Throughout Albert Einstein’s work, the mechanistic universe proved unsatisfactory. This was made evident after the discovery of the electromagnetic field and the failure of Newtonian physics to account for it in mechanistic concepts. Then came the discovery of four-dimensional geometry and with it the realization that the geometrical structures of Newtonian physics could not be detached from changes in space and time with which field theory operated. Einstein stepped back into stride with Newton and his cognitive instrument of free invention. It was free in the sense that conclusions were not reached under logical control from fixed premises, and it was invented under the pressure of the nature of the universe upon the intuitive apprehension of it. Einstein used Newton and Maxwell’s partial differential equations in field theory to develop a mode of rationality called mathematical invariance. Mathematical invariance established a genuine ontology in which the subject grips with objective structures and intrinsic intelligibility of the universe.
This also meant a rejection of Kant’s synthetic a priori whereby knowledge of the phenomenal world is said to be reduced to an “order” without actual penetration into the Ding an Sich. Einstein’s categories are not some form of Kantian a priori but conceptions that are freely invented and are to be judged by their usefulness and their ability to advance the intelligibility of the world, which is dependent on the observer. As he sees it, the difference between his own thinking and Kant’s is on just this point: Einstein understands the categories as free inventions rather than as unalterable (conditioned by the nature of the understanding). It is by this method that one can penetrate the inner rationality of the reality by discovery, imagination, and insight in order to construct forms of thought and knowledge through which the rationality of the object may be discerned. Einstein’s free invention is quite synonymous with discovery in the sense that the consequent conclusion (knowledge) is not inferred or entailed from a fixed categorical antecedent (i.e. Kant).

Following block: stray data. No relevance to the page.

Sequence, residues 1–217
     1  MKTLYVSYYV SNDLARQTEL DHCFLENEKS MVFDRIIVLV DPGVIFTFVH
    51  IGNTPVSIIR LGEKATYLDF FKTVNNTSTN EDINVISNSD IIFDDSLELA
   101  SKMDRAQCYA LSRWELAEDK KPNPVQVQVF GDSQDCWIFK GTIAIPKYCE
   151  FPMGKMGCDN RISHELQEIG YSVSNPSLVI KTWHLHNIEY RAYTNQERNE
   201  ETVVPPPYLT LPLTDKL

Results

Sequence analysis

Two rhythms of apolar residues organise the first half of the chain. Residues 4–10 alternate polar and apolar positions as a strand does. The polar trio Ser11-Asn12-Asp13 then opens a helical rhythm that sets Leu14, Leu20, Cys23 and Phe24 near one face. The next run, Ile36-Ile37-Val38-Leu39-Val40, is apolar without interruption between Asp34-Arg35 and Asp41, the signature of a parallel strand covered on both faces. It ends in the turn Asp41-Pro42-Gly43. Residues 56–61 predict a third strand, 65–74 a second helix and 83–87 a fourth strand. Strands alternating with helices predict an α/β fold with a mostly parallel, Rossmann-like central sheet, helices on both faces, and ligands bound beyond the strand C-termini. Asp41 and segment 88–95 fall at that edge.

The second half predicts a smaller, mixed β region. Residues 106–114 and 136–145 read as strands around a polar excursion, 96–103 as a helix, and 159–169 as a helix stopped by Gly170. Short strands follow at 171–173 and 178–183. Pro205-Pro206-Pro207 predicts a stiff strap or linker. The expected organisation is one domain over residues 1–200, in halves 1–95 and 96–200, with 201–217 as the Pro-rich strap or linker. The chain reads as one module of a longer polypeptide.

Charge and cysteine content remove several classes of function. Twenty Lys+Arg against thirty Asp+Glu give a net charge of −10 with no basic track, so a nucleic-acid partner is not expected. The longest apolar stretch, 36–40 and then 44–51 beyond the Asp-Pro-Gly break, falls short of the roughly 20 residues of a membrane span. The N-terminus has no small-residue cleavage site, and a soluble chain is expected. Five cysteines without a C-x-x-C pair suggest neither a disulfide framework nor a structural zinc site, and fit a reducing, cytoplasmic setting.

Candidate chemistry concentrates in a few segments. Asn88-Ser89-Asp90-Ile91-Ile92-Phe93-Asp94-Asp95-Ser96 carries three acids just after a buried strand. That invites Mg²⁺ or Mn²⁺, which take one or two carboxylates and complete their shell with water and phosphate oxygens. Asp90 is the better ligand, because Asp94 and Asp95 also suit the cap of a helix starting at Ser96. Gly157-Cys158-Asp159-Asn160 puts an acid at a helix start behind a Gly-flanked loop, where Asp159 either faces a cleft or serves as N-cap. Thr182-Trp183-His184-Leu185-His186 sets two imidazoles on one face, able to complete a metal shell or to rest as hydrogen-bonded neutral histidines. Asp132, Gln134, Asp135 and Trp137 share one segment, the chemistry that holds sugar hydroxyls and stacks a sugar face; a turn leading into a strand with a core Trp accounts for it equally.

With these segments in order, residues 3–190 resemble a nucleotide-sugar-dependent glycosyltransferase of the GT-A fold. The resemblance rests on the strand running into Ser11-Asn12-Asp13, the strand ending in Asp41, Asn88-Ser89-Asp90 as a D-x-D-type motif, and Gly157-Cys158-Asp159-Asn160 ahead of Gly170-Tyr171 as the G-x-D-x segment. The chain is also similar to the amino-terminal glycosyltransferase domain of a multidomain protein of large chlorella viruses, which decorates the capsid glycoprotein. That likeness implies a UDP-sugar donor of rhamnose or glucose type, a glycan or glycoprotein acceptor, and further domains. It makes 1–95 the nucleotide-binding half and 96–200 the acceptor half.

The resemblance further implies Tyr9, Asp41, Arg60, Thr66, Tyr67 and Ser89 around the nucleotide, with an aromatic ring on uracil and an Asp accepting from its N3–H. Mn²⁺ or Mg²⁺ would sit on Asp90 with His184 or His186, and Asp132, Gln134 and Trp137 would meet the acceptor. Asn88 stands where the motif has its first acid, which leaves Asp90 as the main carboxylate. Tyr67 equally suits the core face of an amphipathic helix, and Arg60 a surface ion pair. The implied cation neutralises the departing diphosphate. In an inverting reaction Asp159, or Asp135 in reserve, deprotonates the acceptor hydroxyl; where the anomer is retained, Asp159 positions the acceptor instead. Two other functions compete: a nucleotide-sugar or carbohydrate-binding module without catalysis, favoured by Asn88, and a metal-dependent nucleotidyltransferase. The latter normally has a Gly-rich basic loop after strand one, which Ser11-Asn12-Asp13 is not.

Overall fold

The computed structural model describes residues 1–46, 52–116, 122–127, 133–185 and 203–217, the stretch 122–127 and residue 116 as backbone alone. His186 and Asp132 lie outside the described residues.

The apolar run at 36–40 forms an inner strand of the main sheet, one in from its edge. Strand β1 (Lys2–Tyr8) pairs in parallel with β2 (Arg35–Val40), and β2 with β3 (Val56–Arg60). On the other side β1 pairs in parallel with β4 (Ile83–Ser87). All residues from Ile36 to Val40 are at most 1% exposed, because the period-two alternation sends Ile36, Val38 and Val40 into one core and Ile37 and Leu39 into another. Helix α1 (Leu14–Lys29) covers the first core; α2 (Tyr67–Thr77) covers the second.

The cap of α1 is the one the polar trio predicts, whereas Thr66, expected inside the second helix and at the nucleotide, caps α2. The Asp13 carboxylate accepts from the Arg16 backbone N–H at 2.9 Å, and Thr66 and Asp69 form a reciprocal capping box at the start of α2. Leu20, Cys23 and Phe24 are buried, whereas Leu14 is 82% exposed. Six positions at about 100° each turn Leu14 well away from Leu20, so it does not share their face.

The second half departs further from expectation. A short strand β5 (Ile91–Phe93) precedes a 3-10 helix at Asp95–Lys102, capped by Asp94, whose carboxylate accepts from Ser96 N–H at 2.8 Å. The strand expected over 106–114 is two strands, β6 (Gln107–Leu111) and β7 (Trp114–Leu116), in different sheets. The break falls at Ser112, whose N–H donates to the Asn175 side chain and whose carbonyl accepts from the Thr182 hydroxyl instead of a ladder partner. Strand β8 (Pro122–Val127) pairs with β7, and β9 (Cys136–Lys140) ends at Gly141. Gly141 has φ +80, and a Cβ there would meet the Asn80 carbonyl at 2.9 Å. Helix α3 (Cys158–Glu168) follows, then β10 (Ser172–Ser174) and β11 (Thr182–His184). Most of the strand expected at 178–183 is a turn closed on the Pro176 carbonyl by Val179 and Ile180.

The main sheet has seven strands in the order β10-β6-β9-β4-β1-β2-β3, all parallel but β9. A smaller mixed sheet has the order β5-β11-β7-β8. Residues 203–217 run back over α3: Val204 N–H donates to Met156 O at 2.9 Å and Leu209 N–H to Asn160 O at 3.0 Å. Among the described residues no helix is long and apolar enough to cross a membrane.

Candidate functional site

Principles of method are closely related to empirical observations. As Einstein put it, “the scientist has to worm these general principles out of nature by perceiving in comprehensive complexes of empirical facts certain general features which permit of precise formulation.” These principles, not “isolated general laws abstracted from experience” or “separate results from empirical research,” provide the basis of deductive reasoning.
 Alvin Plantinga, Where the Conflict Really Lies: Science, Religion, and Naturalism (Oxford: Oxford University Press, 2011), 269.
 John Morrison, Knowledge of the Self-Revealing God in the Thought of Thomas Forsyth Torrance (Eugene, OR: Wipf and Stock, 1997), 106. Thomas Torrance, God and Rationality (Oxford: Oxford University Press, 1971), 93-94.
 Morrison, 106.
 Thomas Torrance, Theological Science (Oxford: Oxford University Press, 1969), 76-80.
 Thomas Torrance, “Einstein and Scientific Theology,” Religious Studies 8 no. 3 (1972): 236-237.
 Valla served in conjunction with Andrea Alciati (1492-1550) as Calvin’s primary influence for his biblical interpretation.
 Torrance, “Einstein,” 237.
 Ibid., 240.
 Ibid., 241-242.
 Morrison, 90.
 Donna Teevan, “Albert Einstein and Bernard Lonergan on Empirical Method,” Zygon 37 no. 4 (2002): 875-876.
 Morrison, 105.
 Albert Einstein, Ideas and Opinions, Trans. and rev. Sonja Bargmann (New York: Three Rivers, 1982), 221.
 Teevan, 877.